Long-Haul COVID-19

A few months into the pandemic, when doctors were working to understand the new disease and develop vaccines to control it, patients who had recovered from COVID-19 began reporting problems that lasted weeks after they first became ill, known as long-haul COVID. Similarly, many survivors of the Spanish Flu and the Russian Flu pandemics in the late 18th and early 20th centuries experienced long-lasting effects. After the 2003 SARS epidemic and the MERS outbreak in 2012 patients had persistent symptoms too.

The medical literature has various names for this, including post-COVID-19 syndrome and long COVID, but the most appropriate term may be long haul COVID-19. A woman named Amy who wore her favorite trucker hat to her COVID test gave the name to her social media support group for people with long-lasting symptoms, indicating the hard road long haulers face.

As many as one in ten people infected with SARS-CoV-2 will be long haulers. More than one hundred symptoms have been reported, but the most common are fatigue, shortness of breath, cough, chest pain or heaviness, fever and chills or sweats, muscle and joint aches, and rapid or irregular heartbeats. “Brain fog” is also common and highly distressing. Patients complain of “not being the person I used to be.” Most long haulers have several symptoms at the same time.

Like COVID-19 itself, the post-COVID syndrome can affect different body systems. As with COVID-19, long hauler symptoms may be mild or severe. Not every COVID survivor who was seriously ill becomes a long hauler. Having a mild case of COVID doesn’t mean that a person will not be a long hauler. For some, the long-term complications will be serious. Lung scarring, heart changes, and nervous system problems may become permanent and hard to treat. Patients can also have life– threatening blood clots, strokes, and kidney problems.

Long haul COVID is not just a matter of taking longer than usual to recover from the disease. Patients seem to recover only to find their symptoms returning, often multiple times. This cycle of improvement and relapse is one reason for the emotional and psychological distress felt by many long haulers.

Imagine vacuuming one room and having to sit down and rest. Imagine climbing a flight of stairs and having to stop for several minutes to catch your breath before moving on. Everything you do takes longer – or doesn’t get done at all! Suppose you feel achy and feverish for days at a time. What if you can’t do your job because you’re too tired or weak or your brain fog makes it hard to concentrate? This is life for a long hauler.

   Is this your new normal? No one knows. The first COVID-19 cases were identified early in 2020. It’s just too soon to know for sure if your symptoms will eventually go away. They have already done that. But they come back.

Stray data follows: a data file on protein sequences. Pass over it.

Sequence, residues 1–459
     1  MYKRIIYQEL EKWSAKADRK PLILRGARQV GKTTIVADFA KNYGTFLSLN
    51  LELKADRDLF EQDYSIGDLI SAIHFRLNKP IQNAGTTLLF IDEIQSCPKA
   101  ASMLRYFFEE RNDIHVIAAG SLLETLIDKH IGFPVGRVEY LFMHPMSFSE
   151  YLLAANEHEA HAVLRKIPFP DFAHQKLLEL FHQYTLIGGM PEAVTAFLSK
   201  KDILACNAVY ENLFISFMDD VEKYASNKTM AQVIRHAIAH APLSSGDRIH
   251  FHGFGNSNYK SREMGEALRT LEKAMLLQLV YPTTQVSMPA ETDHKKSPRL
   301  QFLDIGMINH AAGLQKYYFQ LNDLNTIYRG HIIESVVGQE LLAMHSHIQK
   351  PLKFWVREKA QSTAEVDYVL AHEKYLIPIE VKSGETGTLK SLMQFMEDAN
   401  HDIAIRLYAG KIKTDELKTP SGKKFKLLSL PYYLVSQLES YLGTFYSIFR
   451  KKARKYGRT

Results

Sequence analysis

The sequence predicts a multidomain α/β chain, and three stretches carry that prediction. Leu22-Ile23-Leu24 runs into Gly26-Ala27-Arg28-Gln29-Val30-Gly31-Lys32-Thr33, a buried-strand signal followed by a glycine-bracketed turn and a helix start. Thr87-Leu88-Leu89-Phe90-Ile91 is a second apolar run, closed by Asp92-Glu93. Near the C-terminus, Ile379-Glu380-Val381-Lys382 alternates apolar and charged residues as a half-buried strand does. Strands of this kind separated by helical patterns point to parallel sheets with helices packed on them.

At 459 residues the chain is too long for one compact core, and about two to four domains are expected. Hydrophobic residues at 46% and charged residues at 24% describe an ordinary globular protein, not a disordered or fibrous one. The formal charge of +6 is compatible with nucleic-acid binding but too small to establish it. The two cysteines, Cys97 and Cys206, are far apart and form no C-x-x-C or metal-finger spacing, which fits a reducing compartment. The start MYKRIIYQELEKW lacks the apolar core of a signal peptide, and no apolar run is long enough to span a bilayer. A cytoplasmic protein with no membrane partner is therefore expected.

Doctors are still learning what COVID-19 does to the body and what causes long COVID. New knowledge will lead to new and better treatments. Medicine does miracles, but even miracles take time. Meanwhile, long haulers’ lives are unsettled or on hold. As with COVID-19, having other medical conditions such as heart disease, high blood pressure, diabetes, or cancer can make long hauler symptoms worse. Or long COVID can make those conditions worse. In any case, long haulers can expect to spend more time getting tests and seeing doctors than they did before COVID. The health care system, already stressed by the pandemic, may be burdened further by large numbers of long haulers.

If you have had COVID-19 and think you may be a long hauler, get checked, even if you have never had a positive COVID test. (Of course, not every new problem is caused by COVID, so call your doctor if you have any severe or long-lasting symptoms.) Doctors and other health professionals should be knowledgeable and sympathetic, but we must be our own advocates. Don’t give up. If you are not satisfied, or feel you’re not being listened to, seek help elsewhere. Getting a second opinion is never the wrong thing to do.

Informed patients do better, so read and learn. Get information from reliable sources such as Harvard Health, Johns Hopkins, and the CDC. Follow or join advocacy and support groups. Centers for post-COVID care are starting around the country. An organization called Survivor Corps has an up-to-date list. (Right now, the closest are in Philadelphia and Pittsburgh.)

The end of this pandemic is in sight, though not certain. Vaccines are the only sure way to stop it, so get yours as you can. And please keep doing the common-sense things that keep the virus from spreading: wear a mask, wash your hands, and avoid crowded places, especially indoors.

Let’s end COVID!

Michael Heyd, a retired medical librarian from Fairfield Township, spent more than forty years searching the professional literature for doctors, nurses, educators and other staff at The Williamsport Hospital/Susquehanna Health; he is a member of Let’s End COVID!
Published 4/9/21

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